The 6 Best Shoes for Plantar Fasciitis, According to a Podiatrist

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The best shoes for plantar fasciitis are comfortable, supportive and have lifted heels.
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Anyone who has ever dealt with plantar fasciitis knows how uncomfortable and disruptive it can be — and how good it feels when you finally find relief. When it comes to the latter, a good pair of shoes can make all the difference.

Plantar fasciitis occurs when the tissue across the sole of your foot (from your heel bone up to your toes) becomes inflamed, which then causes pain in your heel and arch, Jeffrey Cohen, DPM, chief of podiatry at Englewood Health, tells LIVESTRONG.com. He adds that you can relieve this pain by taking anti-inflammatory medication like ibuprofen, regularly stretching the soles and arches of your feet and wearing high-quality, comfortable shoes.

Here, according to market research and podiatry industry standards, we've found the best options for shoes that won't aggravate your plantar fasciitis. Read on to find the right pair for your needs.

1. Best Overall: HOKA Bondi 7

Image Credit: HOKA/LIVESTRONG.com Creative

From its durable, thick sole to its memory foam collar, the HOKA Bondi 7 sneaker puts comfort first — the brand even touts it as its most cushioned running shoe.

In addition to its across-the-board cushioning, this sneaker provides structure and support where your foot needs it most: throughout the middle of your foot and around your ankle and achilles tendon.

The Bondi 7 is available in regular (D) and wide (EE) fits. Plus, it comes with the American Podiatric Medical Association (APMA)'s seal of acceptance, meaning it's been verified to help support your feet's overall health.

Buy it:HokaOneOne.com (men’s 7-16); HokaOneOne.com (women’s 5-12); ​Price:​ $150

2. Best on a Budget: Reebok Walk Ultra 7 DMX MAX

Image Credit: Reebok/LIVESTRONG.com Creative

The Reebok Walk Ultra 7 DMX MAX similarly prioritizes comfort at a more affordable price point. Its sturdy — yet lightweight — construction encourages airflow within the shoe and it was designed with those who walk or spend all day on their feet in mind. Those with plantar fasciitis will particularly appreciate the way this sneaker's foam reduces pressure points around the heel and ball of the foot.

Another way to find affordable sneakers is to browse models from previous years and seasons, Dr. Cohen says. These will likely be sold at a discount compared to the latest, trendiest options.

Buy it:Walmart.com (men’s 8-15); Walmart.com (women’s 5-10); ​Price:​ $35

3. Best for Walking: Brooks Adrenaline GTS 21

Image Credit: Brooks/LIVESTRONG.com Creative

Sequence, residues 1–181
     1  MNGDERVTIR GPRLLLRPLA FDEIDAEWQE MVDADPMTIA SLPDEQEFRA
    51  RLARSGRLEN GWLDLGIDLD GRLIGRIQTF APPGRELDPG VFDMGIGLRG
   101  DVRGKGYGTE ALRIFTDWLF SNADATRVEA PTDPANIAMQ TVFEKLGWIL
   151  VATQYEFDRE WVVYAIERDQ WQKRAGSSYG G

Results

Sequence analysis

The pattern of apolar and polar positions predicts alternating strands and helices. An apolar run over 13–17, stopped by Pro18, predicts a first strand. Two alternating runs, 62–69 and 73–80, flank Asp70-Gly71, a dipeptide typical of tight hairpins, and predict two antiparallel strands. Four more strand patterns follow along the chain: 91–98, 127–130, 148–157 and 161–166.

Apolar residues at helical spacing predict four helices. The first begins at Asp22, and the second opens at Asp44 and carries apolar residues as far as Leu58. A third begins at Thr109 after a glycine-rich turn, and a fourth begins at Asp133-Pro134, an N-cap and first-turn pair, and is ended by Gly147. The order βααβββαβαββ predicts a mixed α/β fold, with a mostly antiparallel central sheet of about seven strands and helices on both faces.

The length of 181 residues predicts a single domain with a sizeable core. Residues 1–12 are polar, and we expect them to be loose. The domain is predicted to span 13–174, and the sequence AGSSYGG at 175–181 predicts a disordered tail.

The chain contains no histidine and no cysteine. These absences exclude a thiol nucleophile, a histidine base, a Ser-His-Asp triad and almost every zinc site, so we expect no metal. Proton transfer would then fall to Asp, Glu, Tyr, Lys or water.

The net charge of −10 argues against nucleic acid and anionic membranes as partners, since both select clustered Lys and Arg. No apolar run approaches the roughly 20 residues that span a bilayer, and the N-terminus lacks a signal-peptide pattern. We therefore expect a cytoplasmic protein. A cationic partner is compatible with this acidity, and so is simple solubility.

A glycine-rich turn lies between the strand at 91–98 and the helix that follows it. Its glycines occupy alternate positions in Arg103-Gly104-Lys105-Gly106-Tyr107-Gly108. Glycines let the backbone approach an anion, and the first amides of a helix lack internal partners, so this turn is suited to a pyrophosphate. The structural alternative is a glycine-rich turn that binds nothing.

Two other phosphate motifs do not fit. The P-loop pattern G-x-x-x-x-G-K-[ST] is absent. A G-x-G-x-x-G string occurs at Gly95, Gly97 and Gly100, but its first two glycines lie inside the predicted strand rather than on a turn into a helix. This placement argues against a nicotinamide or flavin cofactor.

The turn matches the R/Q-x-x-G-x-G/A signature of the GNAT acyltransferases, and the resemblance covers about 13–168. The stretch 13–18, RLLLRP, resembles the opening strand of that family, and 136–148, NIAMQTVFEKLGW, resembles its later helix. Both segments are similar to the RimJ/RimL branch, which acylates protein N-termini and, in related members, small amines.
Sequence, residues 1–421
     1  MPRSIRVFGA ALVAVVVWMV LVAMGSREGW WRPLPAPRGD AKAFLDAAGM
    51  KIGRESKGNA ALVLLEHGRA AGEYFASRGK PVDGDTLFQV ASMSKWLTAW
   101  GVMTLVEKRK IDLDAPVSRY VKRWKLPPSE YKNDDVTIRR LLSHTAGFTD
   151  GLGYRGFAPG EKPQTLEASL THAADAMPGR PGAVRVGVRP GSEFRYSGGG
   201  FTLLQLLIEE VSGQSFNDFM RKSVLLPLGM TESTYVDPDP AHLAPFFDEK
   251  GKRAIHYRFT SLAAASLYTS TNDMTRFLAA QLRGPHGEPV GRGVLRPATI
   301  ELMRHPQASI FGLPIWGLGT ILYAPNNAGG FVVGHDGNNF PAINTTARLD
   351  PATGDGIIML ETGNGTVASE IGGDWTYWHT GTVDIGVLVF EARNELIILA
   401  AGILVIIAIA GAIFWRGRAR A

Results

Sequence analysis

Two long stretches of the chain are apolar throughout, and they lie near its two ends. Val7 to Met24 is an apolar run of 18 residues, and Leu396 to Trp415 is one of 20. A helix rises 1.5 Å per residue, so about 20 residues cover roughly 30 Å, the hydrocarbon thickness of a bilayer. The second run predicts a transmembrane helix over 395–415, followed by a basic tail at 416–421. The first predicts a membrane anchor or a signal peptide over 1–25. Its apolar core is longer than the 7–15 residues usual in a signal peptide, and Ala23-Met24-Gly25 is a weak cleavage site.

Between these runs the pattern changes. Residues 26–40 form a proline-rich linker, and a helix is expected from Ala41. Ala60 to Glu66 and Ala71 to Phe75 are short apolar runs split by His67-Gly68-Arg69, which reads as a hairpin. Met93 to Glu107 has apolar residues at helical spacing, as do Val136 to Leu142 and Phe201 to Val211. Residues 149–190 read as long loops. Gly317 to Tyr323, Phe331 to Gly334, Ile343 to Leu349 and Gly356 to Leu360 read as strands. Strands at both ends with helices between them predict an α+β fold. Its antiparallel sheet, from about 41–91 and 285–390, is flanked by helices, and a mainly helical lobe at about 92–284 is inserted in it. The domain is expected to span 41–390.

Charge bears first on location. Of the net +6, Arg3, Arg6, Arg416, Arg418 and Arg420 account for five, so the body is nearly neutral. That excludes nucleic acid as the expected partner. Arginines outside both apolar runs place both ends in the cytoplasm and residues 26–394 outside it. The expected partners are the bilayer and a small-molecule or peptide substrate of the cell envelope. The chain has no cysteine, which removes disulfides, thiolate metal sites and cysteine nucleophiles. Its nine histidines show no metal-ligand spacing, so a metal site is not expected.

Brooks often gets high marks for its running shoes, but that doesn't mean you should overlook its walking shoe selection.

The Adrenaline GTS 21, in particular, is extremely well-suited to plantar fasciitis sufferers, thanks to its highly cushioned heel and midsole. Beyond that, its GuideRails and mesh support systems provide the level of structure needed for longer wear.

Buy it:BrooksRunning.com (men’s 7-15); BrooksRunning.com (women’s 5-13); ​Price:​ $130

4. Best for Running: Asics GEL Kayano 21

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Runners with plantar fasciitis should make sure their sneaker of choice is designed to absorb shock and resist compression.

The GEL Kayano 21 from Asics does both, softening the impact of landing while encouraging a smooth, bouncy push-off. It also stabilizes the midsole and arch to prevent feet from rolling inward. This balance of structure and comfort are key to reducing the unpleasant symptoms of plantar fasciitis.

Check out LIVESTRONG.com's running shoe guide for more shopping ideas.

Buy it:Zappos.com (men’s 6-16); Zappos.com (women’s 5-13); ​Price:​ $160

5. Best for Hiking: Salomon X Ultra 3 Mid GTX Hiking Boots

Image Credit: Salomon/LIVESTRONG.com Creative

Featuring a contoured insole and heel cup, OrthoLite sock liners and an overall stabilizing shape and design, Salomon's X Ultra 3 Mid GTX hiking boots are as durable as they are wearable. They support, cushion and elevate the heel of the foot in order to ensure comfort throughout long hikes, which should help alleviate the pain caused by plantar fasciitis.

The mid-rise profile on these boots provides added support without confining the ankle or causing discomfort. Generally speaking, this is an important feature to look for in any hiking shoe, as it will help to keep your feet steady as you navigate rocky terrain, Dr. Cohen says.